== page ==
An adder bite may be life-threatening. Small children, pregnant women, people with chronic diseases and older people are at increased risk of severe poisoning. Some of the bites may be dry bites, which means that the adder does not inject any venom to the site of the bite.
The bite site is often sore, swollen and blueish black in colour. In addition to local symptoms, the person may feel nauseous, vomit and have disorders of consciousness. An adder’s venom may also cause an allergic reaction, in which case the symptom is a rapidly developing difficulty with breathing.
Try to keep the bite site as still as possible, for example, with the help of a splint or by carrying the person away from the place where the bite occurred. Moving enables the venom to spread into the circulation faster. The tablets for adder bites are not an essential part of first aid as their effectiveness in the treatment of adder bites has not been proven.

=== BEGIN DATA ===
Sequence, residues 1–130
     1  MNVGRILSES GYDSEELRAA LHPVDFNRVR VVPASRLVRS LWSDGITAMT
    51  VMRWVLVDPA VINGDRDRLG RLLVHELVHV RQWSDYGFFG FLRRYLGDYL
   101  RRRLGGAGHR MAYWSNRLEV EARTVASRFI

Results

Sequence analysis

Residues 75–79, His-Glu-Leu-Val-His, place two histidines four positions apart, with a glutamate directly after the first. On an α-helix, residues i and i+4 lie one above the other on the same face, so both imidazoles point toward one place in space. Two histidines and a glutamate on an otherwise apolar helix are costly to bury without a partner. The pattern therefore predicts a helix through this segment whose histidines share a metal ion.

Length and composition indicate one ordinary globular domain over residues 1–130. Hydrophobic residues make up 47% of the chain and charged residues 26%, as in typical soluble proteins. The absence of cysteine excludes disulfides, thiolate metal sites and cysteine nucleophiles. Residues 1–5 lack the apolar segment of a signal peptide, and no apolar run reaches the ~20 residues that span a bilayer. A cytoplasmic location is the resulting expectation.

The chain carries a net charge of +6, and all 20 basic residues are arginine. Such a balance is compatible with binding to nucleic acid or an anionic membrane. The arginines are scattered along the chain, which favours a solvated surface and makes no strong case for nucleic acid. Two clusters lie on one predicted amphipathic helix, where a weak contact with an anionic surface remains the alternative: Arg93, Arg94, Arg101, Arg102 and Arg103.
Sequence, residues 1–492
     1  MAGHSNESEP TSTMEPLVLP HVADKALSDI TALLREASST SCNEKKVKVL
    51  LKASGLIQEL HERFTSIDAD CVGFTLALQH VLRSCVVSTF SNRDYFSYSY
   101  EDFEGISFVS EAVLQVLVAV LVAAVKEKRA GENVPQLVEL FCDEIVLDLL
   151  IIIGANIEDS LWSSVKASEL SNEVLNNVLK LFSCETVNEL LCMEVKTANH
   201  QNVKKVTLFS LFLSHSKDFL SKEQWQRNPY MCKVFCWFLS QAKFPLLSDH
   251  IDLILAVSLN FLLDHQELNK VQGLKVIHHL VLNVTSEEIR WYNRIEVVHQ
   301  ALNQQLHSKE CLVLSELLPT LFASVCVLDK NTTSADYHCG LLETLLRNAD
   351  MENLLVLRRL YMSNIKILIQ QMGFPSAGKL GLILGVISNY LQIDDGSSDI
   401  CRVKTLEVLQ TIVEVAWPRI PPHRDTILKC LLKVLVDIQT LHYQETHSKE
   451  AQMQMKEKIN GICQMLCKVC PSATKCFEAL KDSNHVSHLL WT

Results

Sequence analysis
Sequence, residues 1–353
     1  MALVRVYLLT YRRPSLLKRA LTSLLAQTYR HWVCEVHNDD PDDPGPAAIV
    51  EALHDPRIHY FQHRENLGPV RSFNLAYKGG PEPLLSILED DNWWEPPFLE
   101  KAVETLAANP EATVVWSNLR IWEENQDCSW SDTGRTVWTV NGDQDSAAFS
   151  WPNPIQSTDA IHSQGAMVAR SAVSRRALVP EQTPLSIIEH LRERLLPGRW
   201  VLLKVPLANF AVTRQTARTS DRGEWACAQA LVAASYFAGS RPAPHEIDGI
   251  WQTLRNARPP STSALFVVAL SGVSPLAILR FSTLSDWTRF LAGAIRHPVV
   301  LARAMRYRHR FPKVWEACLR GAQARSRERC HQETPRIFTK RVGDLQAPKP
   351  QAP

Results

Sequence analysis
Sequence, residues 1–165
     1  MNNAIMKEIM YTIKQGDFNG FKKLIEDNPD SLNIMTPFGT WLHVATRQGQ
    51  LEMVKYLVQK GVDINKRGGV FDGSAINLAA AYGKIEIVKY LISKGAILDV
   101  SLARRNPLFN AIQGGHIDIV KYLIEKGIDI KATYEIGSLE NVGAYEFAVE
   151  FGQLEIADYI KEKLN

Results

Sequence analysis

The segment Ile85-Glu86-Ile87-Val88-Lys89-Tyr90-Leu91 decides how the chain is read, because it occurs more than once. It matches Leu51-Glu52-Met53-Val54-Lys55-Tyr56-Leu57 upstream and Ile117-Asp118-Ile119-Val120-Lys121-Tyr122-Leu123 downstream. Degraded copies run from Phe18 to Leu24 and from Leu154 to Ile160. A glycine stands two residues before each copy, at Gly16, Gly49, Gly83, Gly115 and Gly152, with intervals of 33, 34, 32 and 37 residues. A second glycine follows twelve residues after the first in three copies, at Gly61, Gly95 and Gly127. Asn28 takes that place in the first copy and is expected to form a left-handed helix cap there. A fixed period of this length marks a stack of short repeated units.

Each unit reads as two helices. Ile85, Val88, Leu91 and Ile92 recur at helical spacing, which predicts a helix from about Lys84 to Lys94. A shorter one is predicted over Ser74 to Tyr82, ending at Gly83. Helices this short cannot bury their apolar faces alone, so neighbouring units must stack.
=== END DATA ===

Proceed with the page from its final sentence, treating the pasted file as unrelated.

An adder bite must always be assessed by a physician.
The treatment given in healthcare is symptomatic. Depending on the severity of the poisoning, an antivenom may be used.